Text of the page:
Friday, September 30, 2011

Hampton, NH - Police Will Hold Rally Over Contract Impasse

Police will hold rally over contract impasse | SeacoastOnline.com: "HAMPTON — Police officers will host an "informational rally" outside the police station Saturday warning prospective officers taking a test to join the department's part-time ranks they have not received a raise in more than six years.

"We want to let them know what they are in for," said Joe Jones, president of the Hampton Police Association.

Jones said the officers plan to inform the roughly 90 test-takers that they have been working without a contract since 2006 and the town leaders as of late, don't seem to care.

The decision to host the rally during the testing, which will occur at 9 a.m. and 1 p.m. at the Brown Avenue station, came after the town's negotiation team ignored the association's request three weeks ago to sit back down at the negotiation table."

Thursday, September 29, 2011

Will The Lying Ever End?





The United States Commerce Department just released the final Gross Domestic Product numbers for the second quarter (Apr-Jun) of 2011.  The economy continues to grows at a good pace - better than the first quarter.  The number you will hear on the news tonight will be 1.3% growth rate.  There is just one little detail that will not be presented - 1.3% is after removing inflation.

The anchor will have a live interview with a "citizen on the street", who will claim that the economy is not even keeping up inflation, which will be left unchallenged.  "There you have it folks - The American economy is in the tank and who knows where it is going."  An unadulterated, unequivocal, blatant lie that will be repeated over and over.  Is there no shame? Does the battle for political victory have any ethical boundaries?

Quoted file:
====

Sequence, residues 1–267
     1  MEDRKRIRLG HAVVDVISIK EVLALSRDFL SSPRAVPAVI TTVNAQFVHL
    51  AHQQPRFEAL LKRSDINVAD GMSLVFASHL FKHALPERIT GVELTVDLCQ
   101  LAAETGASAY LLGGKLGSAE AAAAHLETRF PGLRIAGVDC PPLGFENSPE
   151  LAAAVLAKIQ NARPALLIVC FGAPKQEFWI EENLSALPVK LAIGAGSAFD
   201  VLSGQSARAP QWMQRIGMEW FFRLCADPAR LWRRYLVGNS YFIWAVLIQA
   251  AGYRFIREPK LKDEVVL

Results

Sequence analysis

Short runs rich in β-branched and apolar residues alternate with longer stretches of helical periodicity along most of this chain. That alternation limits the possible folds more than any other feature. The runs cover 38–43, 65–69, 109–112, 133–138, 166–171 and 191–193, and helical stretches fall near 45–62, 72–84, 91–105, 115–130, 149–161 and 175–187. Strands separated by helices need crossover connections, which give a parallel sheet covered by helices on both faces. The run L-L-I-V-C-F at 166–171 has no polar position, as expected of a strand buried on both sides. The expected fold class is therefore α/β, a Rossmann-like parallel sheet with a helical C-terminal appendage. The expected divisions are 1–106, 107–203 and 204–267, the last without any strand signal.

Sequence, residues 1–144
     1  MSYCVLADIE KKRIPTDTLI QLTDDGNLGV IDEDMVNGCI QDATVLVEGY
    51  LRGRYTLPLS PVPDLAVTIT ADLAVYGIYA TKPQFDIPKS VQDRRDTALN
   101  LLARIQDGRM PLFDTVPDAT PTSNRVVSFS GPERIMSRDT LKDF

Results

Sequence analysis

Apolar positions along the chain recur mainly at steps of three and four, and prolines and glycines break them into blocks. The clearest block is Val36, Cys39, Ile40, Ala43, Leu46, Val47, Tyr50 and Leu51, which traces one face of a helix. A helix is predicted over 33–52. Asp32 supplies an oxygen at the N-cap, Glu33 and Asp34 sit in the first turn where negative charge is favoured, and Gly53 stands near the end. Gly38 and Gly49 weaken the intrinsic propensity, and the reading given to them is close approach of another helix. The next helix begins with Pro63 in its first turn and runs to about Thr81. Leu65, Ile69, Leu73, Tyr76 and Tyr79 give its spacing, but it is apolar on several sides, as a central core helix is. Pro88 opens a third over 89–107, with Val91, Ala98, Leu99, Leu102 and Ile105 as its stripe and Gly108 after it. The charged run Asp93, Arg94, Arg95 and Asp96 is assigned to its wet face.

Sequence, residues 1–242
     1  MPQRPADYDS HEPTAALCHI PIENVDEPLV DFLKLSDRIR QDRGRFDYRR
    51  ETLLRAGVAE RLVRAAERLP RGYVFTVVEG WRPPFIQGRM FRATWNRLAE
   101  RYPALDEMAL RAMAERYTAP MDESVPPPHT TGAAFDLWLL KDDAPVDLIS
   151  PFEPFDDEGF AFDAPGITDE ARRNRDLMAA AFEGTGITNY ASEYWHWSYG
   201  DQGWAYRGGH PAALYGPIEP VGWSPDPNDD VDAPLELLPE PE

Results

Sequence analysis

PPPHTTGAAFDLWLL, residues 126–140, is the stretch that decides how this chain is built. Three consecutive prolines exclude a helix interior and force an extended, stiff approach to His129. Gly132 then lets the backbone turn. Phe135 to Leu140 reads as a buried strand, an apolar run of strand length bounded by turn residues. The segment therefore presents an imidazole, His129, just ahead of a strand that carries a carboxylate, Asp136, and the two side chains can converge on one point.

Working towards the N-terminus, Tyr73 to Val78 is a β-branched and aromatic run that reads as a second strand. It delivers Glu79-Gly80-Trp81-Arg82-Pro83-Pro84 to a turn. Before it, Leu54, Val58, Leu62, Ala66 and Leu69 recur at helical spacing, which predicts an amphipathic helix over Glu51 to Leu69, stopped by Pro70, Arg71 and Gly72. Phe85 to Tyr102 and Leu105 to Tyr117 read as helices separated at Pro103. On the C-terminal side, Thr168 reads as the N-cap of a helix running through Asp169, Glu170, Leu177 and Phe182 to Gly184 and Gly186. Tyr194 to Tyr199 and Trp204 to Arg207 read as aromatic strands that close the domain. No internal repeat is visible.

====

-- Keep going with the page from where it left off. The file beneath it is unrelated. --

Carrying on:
The above chart shows the quarterly growth rate for the eight quarters since the last recession.  These are the amounts that your annual pay raises would have to equal to keep you on par with the national economy, 3.8% for FYE June 30, 2012 and 4.4% for FYE June 30, 2011.  Have you been getting pay raises in this range?  If you have, please email us the details and a picture of your mayor.  We would like to honor him.

San Jose - Unions Offer Pension Concessions

San Jose unions offer pension concessions - San Jose Mercury News: "Five unions representing San Jose police officers, firefighters and other workers offered pension reductions for current and future employees Wednesday, contending that they would save nearly half a billion dollars in retirement costs over five years and avoid a long, costly court fight with the city.
Retired officers and firefighters also stepped up with an offer to reduce annual cost-of-living raises on their pensions and retirement bonus checks.